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December 9, 2014

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Malala to become youngest-ever Nobel laureate in history tomorrow

PESHAWAR: Malala Yousafzai will become the youngest ever Nobel laureate in history when she will get her Nobel Peace Prize shared with Kailash Satyarthi of India in Oslo, Norway on Wednesday December 10. Malala will become the second Pakistani Nobel Laureate after the late Dr Abdul Salam.
Pashto singer Sardar Ali Takkar will sing Pashto poem (Te Bibi Shireena Ye) for the first time ever in the Nobel Award ceremony on December 10. The poem has been written by senior journalist Behroz Khan for Malala.
Though the entire world is proud of Malala who fought for the right of education for children, especially girls, there was hardly any celebration in Pakistan and Khyber Pakhtunkhwa. A few low profile functions were held in Peshawar and other parts of the country to pay tributes to Malala.
Awami National Party (ANP) deputy parliamentary leader Jaffar Shah submitted a resolution in the Khyber Pakhtunkhwa Assembly in October to set up the Malala University in Swat to pay homage to the 17-year Malala, who belongs to Mingora in Swat district. The assembly, however, has yet to take up the resolution.
Malala, who was born in July 1997, was shot by the militants while going home from school in Mingora on October 9, 2012. The uniform she was wearing when she was shot has also been placed for exhibition in Oslo.
“Malala’s blood-stained uniform is a strong and heartbreaking symbol of the forces many girls are fighting for the right to go to school,” Bente Erichsen, executive director of Nobel Peace Centre, said in a statement.
“Despite her youth, Malala Yousafzai has already fought for several years for the right of girls to education, and has shown by example that children and young people, too, can contribute to improving their own situations. This she did under the most dangerous circumstances. Through her heroic struggle she has become a leading spokesperson for girls’ rights to education,” said the Nobel Committee when she was awarded the

prize in October.
An ordinary girl from Swat, Malala shot to fame when she was nominated for the International Children Peace Prize by a Dutch organisation, Kidz Rights in October 2011. She was nominated for writing diaries for BBC, with the pen name of Gul Makai, in favour of girls’ education in Swat despite difficult circumstances prevailing there at the time.
Her first diary appeared on January 3, 2009 when she was only 12. Though she couldn’t win the Kidz Rights Award, a newspaper story prompted the then Prime Minister Yusuf Raza Gilani to announce a cash reward as encouragement for Malala. She also won the first ever National Youth Peace Award.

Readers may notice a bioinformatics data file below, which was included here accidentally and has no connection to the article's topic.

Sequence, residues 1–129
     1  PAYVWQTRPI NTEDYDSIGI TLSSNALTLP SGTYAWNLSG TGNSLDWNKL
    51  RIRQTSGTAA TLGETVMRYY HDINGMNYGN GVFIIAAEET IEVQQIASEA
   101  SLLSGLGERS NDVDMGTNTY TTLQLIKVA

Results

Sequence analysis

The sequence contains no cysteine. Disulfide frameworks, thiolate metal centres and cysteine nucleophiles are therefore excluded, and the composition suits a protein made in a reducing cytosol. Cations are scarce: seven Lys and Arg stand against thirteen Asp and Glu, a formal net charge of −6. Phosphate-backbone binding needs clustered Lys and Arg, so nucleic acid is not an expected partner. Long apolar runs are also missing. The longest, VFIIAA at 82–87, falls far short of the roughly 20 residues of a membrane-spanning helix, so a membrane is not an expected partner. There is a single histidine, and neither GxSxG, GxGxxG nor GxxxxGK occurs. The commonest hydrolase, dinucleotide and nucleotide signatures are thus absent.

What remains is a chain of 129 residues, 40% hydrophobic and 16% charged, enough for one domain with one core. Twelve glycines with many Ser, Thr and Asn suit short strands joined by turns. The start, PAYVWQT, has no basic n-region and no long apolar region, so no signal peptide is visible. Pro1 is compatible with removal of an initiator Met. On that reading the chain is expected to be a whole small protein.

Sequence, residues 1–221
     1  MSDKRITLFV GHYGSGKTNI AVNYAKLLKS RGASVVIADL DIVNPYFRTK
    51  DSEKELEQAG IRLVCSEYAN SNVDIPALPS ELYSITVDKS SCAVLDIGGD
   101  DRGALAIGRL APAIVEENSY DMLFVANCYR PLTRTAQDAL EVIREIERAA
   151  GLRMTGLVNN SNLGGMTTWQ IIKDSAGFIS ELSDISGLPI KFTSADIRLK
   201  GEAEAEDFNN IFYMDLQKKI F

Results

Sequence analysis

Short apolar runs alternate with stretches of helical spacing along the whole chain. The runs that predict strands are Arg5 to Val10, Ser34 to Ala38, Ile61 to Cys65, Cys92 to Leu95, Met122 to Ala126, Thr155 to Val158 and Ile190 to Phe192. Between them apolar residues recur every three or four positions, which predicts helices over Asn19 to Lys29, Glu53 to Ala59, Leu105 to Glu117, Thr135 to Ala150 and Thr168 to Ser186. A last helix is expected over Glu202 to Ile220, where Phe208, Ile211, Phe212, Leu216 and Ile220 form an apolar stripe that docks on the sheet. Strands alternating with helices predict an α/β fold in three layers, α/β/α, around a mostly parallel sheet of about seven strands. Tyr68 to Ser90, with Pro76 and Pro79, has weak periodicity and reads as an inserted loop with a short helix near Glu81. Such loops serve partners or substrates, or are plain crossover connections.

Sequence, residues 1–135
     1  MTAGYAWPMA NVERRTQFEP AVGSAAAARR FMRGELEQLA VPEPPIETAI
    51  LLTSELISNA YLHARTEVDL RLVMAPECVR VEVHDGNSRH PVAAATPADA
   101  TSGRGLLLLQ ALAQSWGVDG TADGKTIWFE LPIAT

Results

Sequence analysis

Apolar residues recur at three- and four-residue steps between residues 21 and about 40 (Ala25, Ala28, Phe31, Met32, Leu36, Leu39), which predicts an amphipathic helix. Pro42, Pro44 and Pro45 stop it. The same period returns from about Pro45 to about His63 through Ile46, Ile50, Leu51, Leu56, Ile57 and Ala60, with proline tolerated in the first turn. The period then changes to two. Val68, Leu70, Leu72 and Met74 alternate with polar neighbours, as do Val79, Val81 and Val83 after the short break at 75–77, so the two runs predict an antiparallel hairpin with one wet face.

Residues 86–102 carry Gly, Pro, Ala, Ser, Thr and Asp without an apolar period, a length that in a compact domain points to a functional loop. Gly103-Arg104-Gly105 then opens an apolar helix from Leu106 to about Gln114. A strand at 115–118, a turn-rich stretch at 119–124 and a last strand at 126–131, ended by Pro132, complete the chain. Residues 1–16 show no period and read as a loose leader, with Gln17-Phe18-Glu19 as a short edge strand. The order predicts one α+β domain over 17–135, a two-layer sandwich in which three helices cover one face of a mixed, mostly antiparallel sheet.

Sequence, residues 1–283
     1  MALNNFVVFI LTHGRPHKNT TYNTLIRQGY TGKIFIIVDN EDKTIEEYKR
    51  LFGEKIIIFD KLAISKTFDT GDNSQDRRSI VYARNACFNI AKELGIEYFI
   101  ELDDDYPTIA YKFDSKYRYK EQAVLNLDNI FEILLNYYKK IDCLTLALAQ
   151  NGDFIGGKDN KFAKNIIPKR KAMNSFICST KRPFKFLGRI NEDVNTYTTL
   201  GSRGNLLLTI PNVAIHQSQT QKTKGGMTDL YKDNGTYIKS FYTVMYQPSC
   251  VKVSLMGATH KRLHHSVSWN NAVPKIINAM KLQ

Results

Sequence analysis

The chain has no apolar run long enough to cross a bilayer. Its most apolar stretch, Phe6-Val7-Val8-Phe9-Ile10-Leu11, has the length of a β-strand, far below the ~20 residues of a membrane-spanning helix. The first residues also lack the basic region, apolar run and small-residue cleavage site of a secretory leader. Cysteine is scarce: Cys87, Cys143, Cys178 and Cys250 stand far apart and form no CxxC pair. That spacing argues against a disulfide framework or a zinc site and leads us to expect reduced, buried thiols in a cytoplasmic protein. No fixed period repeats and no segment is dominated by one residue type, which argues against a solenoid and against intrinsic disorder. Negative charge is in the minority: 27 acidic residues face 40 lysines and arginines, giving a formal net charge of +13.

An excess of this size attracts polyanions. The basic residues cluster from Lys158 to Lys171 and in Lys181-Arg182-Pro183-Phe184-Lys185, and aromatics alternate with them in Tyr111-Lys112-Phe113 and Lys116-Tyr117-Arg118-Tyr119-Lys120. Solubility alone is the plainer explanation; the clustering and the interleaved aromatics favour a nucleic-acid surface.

The then chief minister of Khyber-Pakhtunkhwa Ameer Haider Hoti later announced a cash reward for her. The Sindh and Punjab governments and public and private organisations honoured Malala in their own way.
After coming into limelight, she was seen attending talk shows on television channels and giving interviews to local and international media, advocating girls’ education and vowing to bring an end to corruption in politics.
Despite threats to her life for publicly speaking out against Taliban, her family didn’t take precautionary steps that resulted in a shocking attack on her in Mingora town on October 9, 2012. Armed men shot Malala in the head and neck when she was going home from school in a van along with fellow students. Two other girls Shazia Ramazan, who shifted to UK last week, and Kainat Riaz were also wounded in the attack.
As Malala fought for life at the Combined Military Hospital in Peshawar, where she was airlifted from Swat, the militants claimed responsibility for the attack.
After a three-hour operation, doctors successfully removed the bullet that had lodged in her shoulder near her spinal cord but she was still in coma.
Pakistan has announced one of its top gallantry medals, Sitara-e-Shujaat, for Malala besides naming a degree college and a few schools in Swat and rest of the country after the brave girl.
Malala has won a number of awards. She was named by Foreign Policy magazine on its list of top global thinkers. She was awarded Mother Teresa Memorial Award for Social Justice, Rome Prize for Peace and Humanitarian Action by the Mayor of Rome on behalf of the city government, Tipperary International Peace Award, Simone de Beauvoir Prize in 2013, Fred and Anne Jarvis Award by the National Union of Teachers in the UK and several others.

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